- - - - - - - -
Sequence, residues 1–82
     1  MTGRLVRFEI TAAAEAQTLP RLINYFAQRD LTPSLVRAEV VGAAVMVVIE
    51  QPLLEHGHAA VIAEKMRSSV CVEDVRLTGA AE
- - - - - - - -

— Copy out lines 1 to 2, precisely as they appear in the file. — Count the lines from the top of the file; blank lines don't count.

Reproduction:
Sequence, residues 1–82
     1  MTGRLVRFEI TAAAEAQTLP RLINYFAQRD LTPSLVRAEV VGAAVMVVIE